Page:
In a study that is still under review but is soon to be published, they have been able to pinpoint the ways in which the chemical composition of the rivers is different from how they used to be, and from rivers that are still clear.

The study points to raised levels of four different metals: Iron, aluminum, manganese, and zinc. Along with this, measurements also showed heightened levels of sulfate, and Ph-levels that are sometimes below three, meaning that the waters are unusually acidic. 

But why the chemistry has changed is as yet unknown.

Josh Koch is not aware of any other regions in the world that have experienced similar problems with orange rivers. Photo:  Josh Koch, U.S. Geological Survey
Josh Koch is not aware of any other regions in the world that have experienced similar problems with orange rivers. Photo: Josh Koch, U.S. Geological Survey

Melting permafrost

Josh Koch and his colleagues have their theories, though. The Brooks Range, like all of the world’s polar regions, is a rapidly warming area. This warming leads to a number of new processes that could all, in theory, lead to a change in the chemical composition of the rivers. But decoupling one process from another is difficult. 

An obvious suspect is the melting permafrost in the area.

“We know that permafrost thaw is occurring in this region, and it’s something that impacts the way water moves through the subsurface. Permafrost keeps the shallow water shallow and the deep water deep. Once permafrost thaws the water can flow through longer and deeper flow-paths to get to the rivers,” Josh Koch explained.

This altered flow-path means that the water sometimes gets in contact with metals that have higher concentrations of metals, including the iron that turns the rivers orange through rust.

“When we see orange streams, it is almost always associated with higher metal loads. So the orange is actually really nice since it is an easy way to see that the river has been impacted. You can see that flying over, from the ground, or even on satellite images,” he said.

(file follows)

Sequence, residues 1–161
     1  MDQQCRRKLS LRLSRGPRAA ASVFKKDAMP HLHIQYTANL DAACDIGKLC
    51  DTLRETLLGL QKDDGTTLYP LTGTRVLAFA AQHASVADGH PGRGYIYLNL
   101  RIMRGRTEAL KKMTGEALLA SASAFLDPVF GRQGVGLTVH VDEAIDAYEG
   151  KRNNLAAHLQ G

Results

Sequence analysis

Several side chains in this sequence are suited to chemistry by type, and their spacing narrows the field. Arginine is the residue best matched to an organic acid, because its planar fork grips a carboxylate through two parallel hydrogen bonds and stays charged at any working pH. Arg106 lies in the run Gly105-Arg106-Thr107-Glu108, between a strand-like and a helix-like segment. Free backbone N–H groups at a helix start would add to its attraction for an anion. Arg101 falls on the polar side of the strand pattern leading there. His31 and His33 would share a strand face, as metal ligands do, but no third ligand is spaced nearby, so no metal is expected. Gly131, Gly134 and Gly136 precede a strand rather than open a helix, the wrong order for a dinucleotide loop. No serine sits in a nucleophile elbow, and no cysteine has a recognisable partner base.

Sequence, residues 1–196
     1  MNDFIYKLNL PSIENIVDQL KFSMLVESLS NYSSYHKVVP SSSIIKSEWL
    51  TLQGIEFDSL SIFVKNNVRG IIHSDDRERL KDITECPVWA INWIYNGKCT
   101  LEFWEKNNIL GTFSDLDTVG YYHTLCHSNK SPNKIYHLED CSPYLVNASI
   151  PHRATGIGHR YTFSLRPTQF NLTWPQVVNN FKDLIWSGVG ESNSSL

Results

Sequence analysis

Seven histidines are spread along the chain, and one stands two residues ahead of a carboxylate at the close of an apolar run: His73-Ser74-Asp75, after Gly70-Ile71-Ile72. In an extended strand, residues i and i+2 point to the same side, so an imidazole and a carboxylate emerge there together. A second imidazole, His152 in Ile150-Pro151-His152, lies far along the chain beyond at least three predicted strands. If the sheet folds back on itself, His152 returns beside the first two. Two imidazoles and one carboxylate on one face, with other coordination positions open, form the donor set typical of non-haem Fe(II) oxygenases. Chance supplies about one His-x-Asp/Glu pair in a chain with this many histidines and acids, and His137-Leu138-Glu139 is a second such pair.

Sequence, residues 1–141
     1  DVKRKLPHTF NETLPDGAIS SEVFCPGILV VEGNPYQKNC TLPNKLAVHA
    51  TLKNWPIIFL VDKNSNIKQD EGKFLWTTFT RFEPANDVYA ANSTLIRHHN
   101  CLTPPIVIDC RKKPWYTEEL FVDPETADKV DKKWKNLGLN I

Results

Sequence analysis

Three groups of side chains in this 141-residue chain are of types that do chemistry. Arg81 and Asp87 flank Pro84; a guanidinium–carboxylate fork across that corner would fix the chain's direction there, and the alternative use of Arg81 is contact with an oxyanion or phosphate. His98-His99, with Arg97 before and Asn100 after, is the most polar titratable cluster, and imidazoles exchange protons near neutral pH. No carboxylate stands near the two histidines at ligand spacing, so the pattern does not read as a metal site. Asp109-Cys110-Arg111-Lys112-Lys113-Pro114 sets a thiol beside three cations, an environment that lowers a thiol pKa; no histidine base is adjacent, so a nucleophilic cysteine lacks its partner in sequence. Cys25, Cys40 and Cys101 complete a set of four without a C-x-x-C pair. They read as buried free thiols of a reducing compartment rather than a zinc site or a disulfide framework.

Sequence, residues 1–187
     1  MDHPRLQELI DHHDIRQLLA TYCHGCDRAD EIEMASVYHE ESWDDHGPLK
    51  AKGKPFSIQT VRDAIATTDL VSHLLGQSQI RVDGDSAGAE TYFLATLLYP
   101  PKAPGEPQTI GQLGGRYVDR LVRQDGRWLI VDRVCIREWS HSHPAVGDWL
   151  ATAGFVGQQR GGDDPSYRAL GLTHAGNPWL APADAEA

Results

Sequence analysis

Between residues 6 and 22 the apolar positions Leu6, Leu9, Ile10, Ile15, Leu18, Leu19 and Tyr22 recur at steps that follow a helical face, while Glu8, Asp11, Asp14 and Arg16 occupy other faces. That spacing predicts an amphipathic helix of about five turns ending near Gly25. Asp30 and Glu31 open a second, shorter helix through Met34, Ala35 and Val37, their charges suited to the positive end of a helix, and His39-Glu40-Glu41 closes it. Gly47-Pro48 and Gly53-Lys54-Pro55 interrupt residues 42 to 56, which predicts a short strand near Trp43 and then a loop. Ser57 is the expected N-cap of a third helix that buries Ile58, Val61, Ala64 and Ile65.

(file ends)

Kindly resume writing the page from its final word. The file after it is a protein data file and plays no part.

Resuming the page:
But melting permafrost is not the only way the area is changing due to climate change. Warmer summers also means that seasonal frosts stay for a shorter period of time. This makes the ground thaw faster, changes the flow of meltwater, and the times when water levels are at their highest.

Moreover, like in the Yukon River Watershed to the south, rivers in the Brooks Range are experiencing an increased erosion of its banks. This, too, leads to changing river paths, and could also be an explanation for the orange rivers.

“A lot of these processes are really interrelated so separating one from the other can be difficult to do,” Josh Koch said.

This photo shows an orange river flow into the Kugororuk River. Photo: Josh Koch, US Geological Survey
This photo shows an orange river flow into the Kugororuk River. Photo: Josh Koch, US Geological Survey

Dire consequences for ecosystems

While the changing color of the water is unusual, it is not immediately obvious why it is a cause for worry. But the color is just an indicator that the chemical composition of the rivers, and, in turn, their ecosystems are changing.

Part of the goal of Josh Koch and his team’s research is to assess what the consequences are. Already, they have observed serious differences in the orange rivers.

“In one stream we saw a significant fall in the number of invertebrates after the river turned orange, and the number of fish was also quite a bit lower,” he said.

“The question we are trying to answer now is what this means. Did the fish move? Or are they dead? The broader implications for the ecosystems are still unknown to us,” he said.

His research will continue for the next several years, and, hopefully, answer some of the many unanswered questions that the orange rivers of the Brooks Range have suddenly posed.  

Ole Ellekrog, Polar Journal